Gov. Polis: Feds should weigh criminal charges against GOP leaders for inciting Capitol riot

    BRIEF

    Protesters enter the Senate Chamber on Jan. 6, 2021 in Washington, D.C. Congress held a joint session today to ratify President-elect Joe Biden's 306-232 Electoral College win over President Donald Trump. Pro-Trump protesters have entered the U.S. Capitol building after mass demonstrations in the nation's capital. (Win McNamee/Getty Images)

    In a lengthy message posted to his personal Facebook account on Monday, Colorado Gov. Jared Polis called for potential criminal prosecutions against Republican leaders for their role in last week’s attack on the U.S. Capitol and backed an effort to expel some GOP members of Congress by invoking the 14th Amendment.

    “The easier part is holding the soldiers of the failed rebellion accountable, but so too their commanders must be held accountable under the law,” Polis wrote. “The FBI should also pursue potential criminal charges against the informal commanders of the failed insurrection including Rudy Giuliani … and Rep. Mo Brooks.”

    In the hours preceding the Capitol attack, Giuliani, a former mayor of New York City and President Donald Trump’s lawyer, told a crowd gathering on the National Mall to “have a trial by combat,” Polis noted in his Facebook post. Brooks, of Alabama, who was one of three House Republicans who played a key role in planning the Jan. 6 event, according to its organizers, also told the crowd to “start taking down names and kicking ass.”

    “These remarks would be taken by any rational person as a call to arms and a call to rebellion,” wrote Polis. “And President Trump himself assured the protestors that he would join them in storming the capital (he didn’t) and provided tacit support for the seditious commands of the other speakers.”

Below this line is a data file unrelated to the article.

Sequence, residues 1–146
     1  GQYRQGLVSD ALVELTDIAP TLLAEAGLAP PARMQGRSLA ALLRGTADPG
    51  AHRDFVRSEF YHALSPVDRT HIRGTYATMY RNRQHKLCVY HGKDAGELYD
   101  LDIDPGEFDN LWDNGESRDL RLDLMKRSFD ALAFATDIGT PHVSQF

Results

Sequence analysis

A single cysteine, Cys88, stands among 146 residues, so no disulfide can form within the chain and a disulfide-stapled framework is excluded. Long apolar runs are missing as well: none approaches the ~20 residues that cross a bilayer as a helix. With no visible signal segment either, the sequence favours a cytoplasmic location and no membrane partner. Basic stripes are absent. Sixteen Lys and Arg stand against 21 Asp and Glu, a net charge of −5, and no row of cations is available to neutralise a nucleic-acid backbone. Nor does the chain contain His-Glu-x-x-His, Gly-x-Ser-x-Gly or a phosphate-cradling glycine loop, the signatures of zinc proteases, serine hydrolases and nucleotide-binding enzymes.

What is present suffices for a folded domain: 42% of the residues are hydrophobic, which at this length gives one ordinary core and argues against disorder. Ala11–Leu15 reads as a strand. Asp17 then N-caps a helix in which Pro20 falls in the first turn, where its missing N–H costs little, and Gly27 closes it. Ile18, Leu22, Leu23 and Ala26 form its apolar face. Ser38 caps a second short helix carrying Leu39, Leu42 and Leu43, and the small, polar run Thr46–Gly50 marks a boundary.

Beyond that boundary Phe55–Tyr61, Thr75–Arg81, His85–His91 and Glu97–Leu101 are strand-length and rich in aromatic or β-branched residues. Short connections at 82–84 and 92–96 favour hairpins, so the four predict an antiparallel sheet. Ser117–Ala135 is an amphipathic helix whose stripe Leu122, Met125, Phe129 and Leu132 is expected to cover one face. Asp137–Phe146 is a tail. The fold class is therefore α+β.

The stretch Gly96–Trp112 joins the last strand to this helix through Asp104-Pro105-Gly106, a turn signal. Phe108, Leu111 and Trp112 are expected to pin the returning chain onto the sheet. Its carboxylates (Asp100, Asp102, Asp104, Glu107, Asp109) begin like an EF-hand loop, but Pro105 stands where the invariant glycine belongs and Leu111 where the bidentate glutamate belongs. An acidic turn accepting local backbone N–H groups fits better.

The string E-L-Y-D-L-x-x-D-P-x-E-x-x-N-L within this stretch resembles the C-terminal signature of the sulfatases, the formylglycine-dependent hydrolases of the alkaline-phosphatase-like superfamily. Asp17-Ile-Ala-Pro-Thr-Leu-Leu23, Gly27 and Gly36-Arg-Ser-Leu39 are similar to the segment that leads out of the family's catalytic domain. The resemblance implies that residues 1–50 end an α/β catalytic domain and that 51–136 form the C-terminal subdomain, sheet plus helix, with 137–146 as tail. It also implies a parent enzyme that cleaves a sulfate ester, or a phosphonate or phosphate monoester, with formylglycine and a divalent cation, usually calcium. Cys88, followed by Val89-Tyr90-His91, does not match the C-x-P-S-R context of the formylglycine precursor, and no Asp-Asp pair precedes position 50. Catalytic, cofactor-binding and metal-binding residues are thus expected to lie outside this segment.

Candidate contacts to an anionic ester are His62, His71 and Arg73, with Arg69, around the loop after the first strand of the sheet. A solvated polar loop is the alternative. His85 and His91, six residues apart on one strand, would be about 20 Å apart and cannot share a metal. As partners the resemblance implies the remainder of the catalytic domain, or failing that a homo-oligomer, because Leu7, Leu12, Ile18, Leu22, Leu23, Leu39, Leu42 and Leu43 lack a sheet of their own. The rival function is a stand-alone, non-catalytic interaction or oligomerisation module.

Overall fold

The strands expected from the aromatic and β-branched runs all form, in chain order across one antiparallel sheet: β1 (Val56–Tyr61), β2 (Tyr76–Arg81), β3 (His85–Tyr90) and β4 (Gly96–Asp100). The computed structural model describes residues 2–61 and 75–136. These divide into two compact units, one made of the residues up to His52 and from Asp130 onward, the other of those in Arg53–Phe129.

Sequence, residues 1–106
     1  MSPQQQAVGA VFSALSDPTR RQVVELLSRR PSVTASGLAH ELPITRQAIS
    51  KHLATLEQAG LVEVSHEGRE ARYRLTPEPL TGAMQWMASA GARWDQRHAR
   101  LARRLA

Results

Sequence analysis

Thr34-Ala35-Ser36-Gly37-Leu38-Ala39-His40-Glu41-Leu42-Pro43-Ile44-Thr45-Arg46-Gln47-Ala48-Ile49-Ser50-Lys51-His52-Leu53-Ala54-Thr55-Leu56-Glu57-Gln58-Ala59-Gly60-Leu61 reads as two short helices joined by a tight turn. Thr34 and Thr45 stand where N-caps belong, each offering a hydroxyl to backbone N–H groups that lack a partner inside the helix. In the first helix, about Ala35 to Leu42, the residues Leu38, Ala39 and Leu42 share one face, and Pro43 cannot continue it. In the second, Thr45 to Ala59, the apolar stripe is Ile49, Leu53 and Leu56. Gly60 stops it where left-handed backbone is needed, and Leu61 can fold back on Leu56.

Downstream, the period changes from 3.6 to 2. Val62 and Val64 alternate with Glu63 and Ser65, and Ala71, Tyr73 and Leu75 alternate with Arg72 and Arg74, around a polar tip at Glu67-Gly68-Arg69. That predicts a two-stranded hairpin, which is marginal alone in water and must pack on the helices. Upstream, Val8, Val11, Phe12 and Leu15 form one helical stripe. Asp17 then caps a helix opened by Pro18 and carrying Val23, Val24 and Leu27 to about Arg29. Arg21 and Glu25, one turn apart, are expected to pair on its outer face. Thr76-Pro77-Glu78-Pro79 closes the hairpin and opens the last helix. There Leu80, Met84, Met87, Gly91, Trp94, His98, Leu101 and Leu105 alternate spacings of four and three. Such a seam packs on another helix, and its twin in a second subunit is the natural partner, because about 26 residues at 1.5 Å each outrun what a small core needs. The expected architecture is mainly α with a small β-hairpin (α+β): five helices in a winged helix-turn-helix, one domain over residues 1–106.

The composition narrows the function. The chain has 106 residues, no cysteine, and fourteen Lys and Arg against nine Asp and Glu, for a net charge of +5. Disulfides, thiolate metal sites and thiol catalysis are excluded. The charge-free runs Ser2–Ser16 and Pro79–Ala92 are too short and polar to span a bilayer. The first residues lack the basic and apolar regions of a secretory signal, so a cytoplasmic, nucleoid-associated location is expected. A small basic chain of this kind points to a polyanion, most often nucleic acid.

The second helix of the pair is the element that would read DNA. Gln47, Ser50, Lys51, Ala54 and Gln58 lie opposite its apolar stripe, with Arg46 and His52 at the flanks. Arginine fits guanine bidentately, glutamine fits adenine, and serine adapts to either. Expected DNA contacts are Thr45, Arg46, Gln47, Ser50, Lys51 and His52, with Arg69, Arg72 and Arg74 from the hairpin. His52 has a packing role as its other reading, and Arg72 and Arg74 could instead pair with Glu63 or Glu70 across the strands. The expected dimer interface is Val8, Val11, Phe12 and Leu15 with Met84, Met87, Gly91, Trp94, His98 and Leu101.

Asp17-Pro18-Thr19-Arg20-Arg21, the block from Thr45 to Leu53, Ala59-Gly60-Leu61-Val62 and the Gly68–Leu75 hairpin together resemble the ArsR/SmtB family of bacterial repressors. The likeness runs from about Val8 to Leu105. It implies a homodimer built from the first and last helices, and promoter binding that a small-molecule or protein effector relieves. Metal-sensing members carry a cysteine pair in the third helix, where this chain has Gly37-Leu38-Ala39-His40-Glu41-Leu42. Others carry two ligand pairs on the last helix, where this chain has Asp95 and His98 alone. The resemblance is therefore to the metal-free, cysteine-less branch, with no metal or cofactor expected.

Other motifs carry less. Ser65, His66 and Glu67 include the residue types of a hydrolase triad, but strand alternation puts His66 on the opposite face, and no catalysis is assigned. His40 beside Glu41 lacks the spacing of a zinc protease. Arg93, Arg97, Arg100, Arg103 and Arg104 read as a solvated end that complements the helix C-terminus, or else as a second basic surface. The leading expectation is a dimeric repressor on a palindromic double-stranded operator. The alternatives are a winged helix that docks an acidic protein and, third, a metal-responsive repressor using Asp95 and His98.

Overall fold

Polis also endorsed the possible removal of some members of Congress by invoking Section 3 of the 14th Amendment, a Civil War-era constitutional provision barring those who have “engaged in insurrection or rebellion against the (United States), or given aid or comfort to the enemies thereof” from holding elected office.

    “There are credible allegations that some members of Congress at the very least gave aid and comfort to the rioters, and therefore should not be able to hold office again without a two-thirds vote by each house,” the governor wrote.

    Polis, who served in Congress for 10 years as representative for Colorado’s 2nd Congressional District, said the scenes of the Capitol riot “brought tears to my eyes,” and expressed relief that, despite the deadly violence, the events of Jan. 6 didn’t turn out to be even worse.

    “This attack against the United States Congress is an attack on our republic and must be treated seriously as such through a sober process that holds those responsible fully accountable,” Polis wrote. “While our nation cherishes our First Amendment right to assembly and free speech, we do not to sanction seditious and violent acts designed to bring down our republic and undermine the Constitution and the rule of law.”